Night Eating Syndrome

  • Signs and symptoms
    • The person has little or no appetite for breakfast. Delays first meal for several hours after waking up. Is not hungry or is upset about how much was eaten the night before.
    • Eats more food after dinner than during that meal.
    • Eats more than half of daily food intake during and after dinner but before breakfast. May leave the bed to snack at night.
    • This pattern has persisted for at least two months.
    • Person feels tense, anxious, upset, or guilty while eating.
    • NES is thought to be stress related and is often accompanied by depression. Especially at night the person may be moody, tense, anxious, nervous, agitated, etc.
    • Has trouble falling asleep or staying asleep. Wakes frequently and then often eats.
    • Foods ingested are often carbohydrates: sugary and starch.
    • Behavior is not like binge eating which is done in relatively short episodes. Night-eating syndrome involves continual eating throughout evening hours.
    • This eating produces guilt and shame, not enjoyment.
  • How many people have night-eating syndrome?

Perhaps only one to two percent (1-2%) of adults in the general population have this problem, but research at the University of Pennsylvania School of Medicine suggests that about six percent of people who seek treatment for obesity have NES. Another study suggests that more than a quarter (27%) of people who are overweight by at least 100 pounds have the problem.

  • Comments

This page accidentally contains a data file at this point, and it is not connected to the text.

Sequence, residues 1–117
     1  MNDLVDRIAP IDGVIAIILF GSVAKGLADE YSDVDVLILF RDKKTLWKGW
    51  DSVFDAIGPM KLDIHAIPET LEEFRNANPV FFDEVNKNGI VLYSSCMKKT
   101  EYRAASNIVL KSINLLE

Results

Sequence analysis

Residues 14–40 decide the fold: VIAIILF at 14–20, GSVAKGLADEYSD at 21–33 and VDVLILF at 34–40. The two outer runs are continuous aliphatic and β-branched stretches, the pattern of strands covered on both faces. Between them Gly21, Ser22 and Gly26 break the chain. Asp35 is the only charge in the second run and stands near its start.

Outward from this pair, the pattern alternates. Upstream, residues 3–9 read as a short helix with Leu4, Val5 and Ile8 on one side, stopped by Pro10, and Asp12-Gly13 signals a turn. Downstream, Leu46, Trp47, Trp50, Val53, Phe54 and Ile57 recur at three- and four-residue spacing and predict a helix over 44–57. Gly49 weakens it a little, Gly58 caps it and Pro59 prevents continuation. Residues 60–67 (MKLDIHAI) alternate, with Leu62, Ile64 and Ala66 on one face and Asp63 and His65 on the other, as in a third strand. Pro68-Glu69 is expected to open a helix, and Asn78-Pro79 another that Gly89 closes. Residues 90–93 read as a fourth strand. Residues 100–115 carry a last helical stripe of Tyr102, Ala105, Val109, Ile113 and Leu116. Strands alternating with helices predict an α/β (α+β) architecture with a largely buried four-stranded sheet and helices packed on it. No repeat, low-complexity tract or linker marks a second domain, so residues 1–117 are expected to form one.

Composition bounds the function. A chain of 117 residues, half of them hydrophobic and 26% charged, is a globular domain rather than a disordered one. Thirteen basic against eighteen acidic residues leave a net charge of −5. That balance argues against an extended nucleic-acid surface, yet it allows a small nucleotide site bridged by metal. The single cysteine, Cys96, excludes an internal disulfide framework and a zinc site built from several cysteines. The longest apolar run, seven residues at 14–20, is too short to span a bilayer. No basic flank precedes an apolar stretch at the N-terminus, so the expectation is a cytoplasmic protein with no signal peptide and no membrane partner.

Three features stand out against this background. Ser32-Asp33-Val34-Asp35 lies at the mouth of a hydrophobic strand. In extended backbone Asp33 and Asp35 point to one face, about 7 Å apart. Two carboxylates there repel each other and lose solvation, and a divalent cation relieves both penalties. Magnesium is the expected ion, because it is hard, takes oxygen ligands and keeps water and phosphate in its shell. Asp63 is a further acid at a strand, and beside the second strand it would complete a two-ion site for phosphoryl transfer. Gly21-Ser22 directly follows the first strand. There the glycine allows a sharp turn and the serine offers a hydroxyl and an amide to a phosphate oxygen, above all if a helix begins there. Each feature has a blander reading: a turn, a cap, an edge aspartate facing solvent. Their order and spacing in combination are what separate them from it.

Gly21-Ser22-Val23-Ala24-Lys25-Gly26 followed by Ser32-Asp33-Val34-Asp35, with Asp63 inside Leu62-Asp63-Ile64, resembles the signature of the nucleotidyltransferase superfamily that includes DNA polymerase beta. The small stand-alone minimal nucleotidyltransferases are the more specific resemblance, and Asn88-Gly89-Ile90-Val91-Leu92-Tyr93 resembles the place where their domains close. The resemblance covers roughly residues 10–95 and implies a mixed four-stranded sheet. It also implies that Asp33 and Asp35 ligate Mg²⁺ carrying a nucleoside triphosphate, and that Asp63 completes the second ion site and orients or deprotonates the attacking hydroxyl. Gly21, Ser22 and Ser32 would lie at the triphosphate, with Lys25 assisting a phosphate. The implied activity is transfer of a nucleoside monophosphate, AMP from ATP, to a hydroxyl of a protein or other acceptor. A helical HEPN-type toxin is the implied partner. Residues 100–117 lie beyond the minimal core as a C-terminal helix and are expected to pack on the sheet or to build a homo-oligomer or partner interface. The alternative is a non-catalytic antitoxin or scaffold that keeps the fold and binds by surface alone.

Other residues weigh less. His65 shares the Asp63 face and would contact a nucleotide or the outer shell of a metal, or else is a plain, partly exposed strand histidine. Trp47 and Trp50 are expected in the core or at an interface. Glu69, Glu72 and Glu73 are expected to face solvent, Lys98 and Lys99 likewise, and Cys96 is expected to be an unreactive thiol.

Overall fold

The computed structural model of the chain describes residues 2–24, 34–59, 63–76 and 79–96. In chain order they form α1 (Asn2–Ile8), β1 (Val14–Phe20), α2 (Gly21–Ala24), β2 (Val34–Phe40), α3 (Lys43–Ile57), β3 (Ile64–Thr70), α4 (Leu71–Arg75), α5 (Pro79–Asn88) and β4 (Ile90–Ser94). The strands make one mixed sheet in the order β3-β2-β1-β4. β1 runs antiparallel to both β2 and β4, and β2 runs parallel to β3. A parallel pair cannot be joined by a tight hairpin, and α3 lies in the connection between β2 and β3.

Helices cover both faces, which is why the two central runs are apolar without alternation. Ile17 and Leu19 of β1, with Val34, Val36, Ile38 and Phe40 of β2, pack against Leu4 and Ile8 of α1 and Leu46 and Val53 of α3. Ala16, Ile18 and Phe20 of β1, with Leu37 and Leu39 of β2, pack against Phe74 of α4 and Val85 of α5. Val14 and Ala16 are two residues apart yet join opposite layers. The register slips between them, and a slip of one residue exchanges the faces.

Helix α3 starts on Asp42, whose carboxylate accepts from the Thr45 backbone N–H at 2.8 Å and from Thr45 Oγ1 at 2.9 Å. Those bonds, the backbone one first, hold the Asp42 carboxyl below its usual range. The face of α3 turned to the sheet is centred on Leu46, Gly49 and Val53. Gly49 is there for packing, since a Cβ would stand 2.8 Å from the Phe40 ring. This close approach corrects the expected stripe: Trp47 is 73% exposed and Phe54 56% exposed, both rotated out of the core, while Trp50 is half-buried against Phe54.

Night-eating syndrome has not yet been formally defined as an eating disorder. Underlying causes are being identified, and treatment plans are still being developed. It seems likely that a combination of biological, genetic, and emotional factors contribute to the problem. Stress appears to be a cause or trigger of NES, and stress-reduction programs, including mental health therapy, seem to help.

Researchers are especially interested in the foods chosen by night eaters. The heavy preference for carbohydrates, which trigger the brain to produce so-called “feel-good” neurochemicals, suggests that night eating may be an unconscious attempt to self-medicate mood problems.

NES may run in families. At this time is appears to respond to treatment with the SSRI sertraline (a prescription medication). NES is remarkable for characteristic disturbances in the circadian rhythm of food intake while the circadian sleep rhythm remains normal.

If you are seeking help for night-eating syndrome, you would be wise to schedule a complete physical exam with your physician and also an evaluation with a counselor trained in the field of eating disorders. In addition, a dietitian can help develop meal plans that distribute intake more evenly throughout the day so that you are not so vulnerable to caloric loading in the evening.

Recent research was summarized by Albert Stunkard, MD, University of Pennsylvania School of Medicine, at the NAASO 2003 annual meeting, October 13, 2003. A formal paper will be presented in the January issue of the International Journal of Eating Disorders.